john.rankin at affinity.co.nz
Mon Sep 11 20:58:38 CDT 2006
On Tuesday, 12 September 2006 6:23 AM, christian.ridderstrom at gmail.com wrote:
>On Mon, 11 Sep 2006, John Rankin wrote:
>> - it's not the markup that gets you, but the tables (sometimes these
>> have to go into separate LaTeX files), the HTML entities, the images
>> (these all have to be converted), the print metadata (what font to use,
>> whether the document is single or double sided, and so on), the
>> equations, and such like
>Yeah... I can imagine that all these extras are a real bitch. One of the
>strengths of LyX is that it has tools/scripts for converting images into
>suitable formats. The whole package of files are then moved into a
>separate, temporary directory, where LaTeX can finally parse the files. So
>I understand that your wikipublisher is doing a *lot* of stuff more than
>just generating a .tex-file. I assume you have to do all of the
We do -- and it means that the hooks are there to pick up a .bib
file and give it to LaTeX along with everything else.
>> - wikistyles are really, really hard to handle -- mapping styles
>> to their LaTeX equivalents is a challenge that we only partially
>> overcame (example: coloured text that contains a url can in some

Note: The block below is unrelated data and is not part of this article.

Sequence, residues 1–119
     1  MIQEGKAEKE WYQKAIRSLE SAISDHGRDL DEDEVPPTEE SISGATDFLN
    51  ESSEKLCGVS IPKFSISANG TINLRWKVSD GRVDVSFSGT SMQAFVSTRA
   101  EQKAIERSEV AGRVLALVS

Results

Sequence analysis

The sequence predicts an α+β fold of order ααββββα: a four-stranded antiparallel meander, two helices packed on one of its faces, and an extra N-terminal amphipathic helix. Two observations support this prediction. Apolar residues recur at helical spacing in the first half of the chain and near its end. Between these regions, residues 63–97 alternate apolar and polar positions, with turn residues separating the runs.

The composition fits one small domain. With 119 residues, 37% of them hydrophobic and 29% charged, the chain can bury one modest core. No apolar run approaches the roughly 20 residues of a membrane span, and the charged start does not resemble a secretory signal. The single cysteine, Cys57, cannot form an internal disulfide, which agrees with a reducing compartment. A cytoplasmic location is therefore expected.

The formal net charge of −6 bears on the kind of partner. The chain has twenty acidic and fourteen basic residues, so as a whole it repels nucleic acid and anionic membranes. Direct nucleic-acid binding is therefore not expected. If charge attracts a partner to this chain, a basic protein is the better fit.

>> cases cause LaTeX to die)
>Is there some mechanism for definining the LaTeX equivalent of a
>wikistyle? (Otherwise I probably wouldn't even try to support more than a
>small subset of them). Hmm... maybe you could add a method that let's
>people define the LaTeX equivalent of a wikistyle?
Well so far, nobody has complained, so it must be good enough :-)
AFAIK LaTeX doesn't have the equivalent of a style -- LaTeX has a
philosophy that authors are concerned with structure and content;
presentation is a job best left to experts.
My bet is that nobody would bother to define print styles, even if
such a construct existed. Wherever possible, I'd rather derive
the correct xml from the html style information. The wikibook DTD
does not have the concept of style either, it uses a <visual> tag.
So far, our experience has been that if you get the *structure*
of the output right, you can safely ignore most html style
information and apply the default LaTeX presentation styles to
the printed output. The results look great and, more important,
are easy to read. If the structure is inappropriate, no amount
of stylistic gloss will fix it.
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